Hot and dry conditions in parts of middle America deepened an ongoing drought in many states over the last week, according to a climatology report issued Thursday.
October is typically the third-wettest month for Texas, but instead last month was the ninth-driest October statewide since 1895, according to the Drought Monitor report issued weekly by a consortium of state and federal climatology experts.
Texas and Oklahoma both recorded above-normal temperatures and little or no rain. Kansas and Nebraska also saw drought expansion.
The persistent drought was hindering growth of the new winter wheat crop in those states, as soil moisture levels were too low to spur normal plant development. Grazing for livestock was also poor as pastures remained parched.
Roughly 59.48 percent of the contiguous United States was suffering from at least "moderate" drought as of November 6, down from 60.16 percent a week earlier, according to Thursday's Drought Monitor, a weekly compilation of data gathered by federal and academic scientists.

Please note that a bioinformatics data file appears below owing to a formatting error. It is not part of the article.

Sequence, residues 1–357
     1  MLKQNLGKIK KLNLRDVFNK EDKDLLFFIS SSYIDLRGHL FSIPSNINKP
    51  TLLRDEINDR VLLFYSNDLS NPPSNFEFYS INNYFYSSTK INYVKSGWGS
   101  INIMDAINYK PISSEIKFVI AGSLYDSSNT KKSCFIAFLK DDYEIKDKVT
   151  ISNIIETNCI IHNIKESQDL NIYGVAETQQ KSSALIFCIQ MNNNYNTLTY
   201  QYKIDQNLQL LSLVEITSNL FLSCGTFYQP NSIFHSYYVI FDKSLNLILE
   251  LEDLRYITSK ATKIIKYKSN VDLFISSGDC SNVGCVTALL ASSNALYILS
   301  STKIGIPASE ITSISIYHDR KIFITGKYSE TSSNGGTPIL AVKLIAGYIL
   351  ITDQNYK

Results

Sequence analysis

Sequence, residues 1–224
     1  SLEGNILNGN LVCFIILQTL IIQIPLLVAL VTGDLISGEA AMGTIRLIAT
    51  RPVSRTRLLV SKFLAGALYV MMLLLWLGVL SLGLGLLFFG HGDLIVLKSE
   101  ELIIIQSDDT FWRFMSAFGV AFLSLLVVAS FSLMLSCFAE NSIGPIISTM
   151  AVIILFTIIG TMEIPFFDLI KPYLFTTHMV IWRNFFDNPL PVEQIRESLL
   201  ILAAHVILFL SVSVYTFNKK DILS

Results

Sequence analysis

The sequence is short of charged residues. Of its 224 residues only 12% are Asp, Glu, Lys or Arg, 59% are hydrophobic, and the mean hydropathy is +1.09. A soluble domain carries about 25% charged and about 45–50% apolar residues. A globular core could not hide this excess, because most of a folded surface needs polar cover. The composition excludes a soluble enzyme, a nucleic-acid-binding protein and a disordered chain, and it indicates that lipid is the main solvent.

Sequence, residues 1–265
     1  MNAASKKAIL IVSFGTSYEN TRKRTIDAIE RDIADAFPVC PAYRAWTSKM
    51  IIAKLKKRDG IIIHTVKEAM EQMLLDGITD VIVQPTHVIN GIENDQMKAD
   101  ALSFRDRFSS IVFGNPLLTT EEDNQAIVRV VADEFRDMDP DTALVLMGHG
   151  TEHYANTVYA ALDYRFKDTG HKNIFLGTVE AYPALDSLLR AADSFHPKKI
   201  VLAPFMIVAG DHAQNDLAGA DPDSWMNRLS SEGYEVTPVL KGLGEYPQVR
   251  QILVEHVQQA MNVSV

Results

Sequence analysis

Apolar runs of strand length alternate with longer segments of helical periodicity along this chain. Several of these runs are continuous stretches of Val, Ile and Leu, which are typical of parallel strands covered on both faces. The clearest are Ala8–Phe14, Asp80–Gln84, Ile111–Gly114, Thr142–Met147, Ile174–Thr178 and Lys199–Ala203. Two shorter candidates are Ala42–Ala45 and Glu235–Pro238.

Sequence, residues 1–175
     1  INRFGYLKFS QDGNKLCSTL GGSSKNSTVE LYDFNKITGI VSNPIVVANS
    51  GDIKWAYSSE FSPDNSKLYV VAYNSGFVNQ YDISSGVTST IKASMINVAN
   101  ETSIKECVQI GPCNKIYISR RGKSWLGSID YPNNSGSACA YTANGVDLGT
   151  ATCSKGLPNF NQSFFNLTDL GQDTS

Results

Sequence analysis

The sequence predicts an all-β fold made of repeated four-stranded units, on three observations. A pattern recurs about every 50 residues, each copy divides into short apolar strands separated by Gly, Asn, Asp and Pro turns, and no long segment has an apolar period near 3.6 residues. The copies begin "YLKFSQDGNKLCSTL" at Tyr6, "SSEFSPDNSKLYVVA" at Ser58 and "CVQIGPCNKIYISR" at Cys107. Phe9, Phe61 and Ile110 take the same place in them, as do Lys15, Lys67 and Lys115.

But the portion of the contiguous United States under "extreme" or "exceptional" drought - the two most dire classifications - ticked up to 19.36 percent from 19.04 percent.
In the High Plains, which include Kansas, Nebraska and the Dakotas, severe or worse drought levels covered 83.94 percent of the region, up from 83.87 percent of the region a week earlier. An estimated 57.54 percent of the region was in extreme or worse drought, up from 57.02 percent a week earlier.
Climatologists said many areas had not seen much if any rain for three weeks or more and topsoil and subsoil moisture levels continued to drop. Surface water supplies remained short as well.
(Reporting by Carey Gillam in Kansas City; editing by Jim Marshall)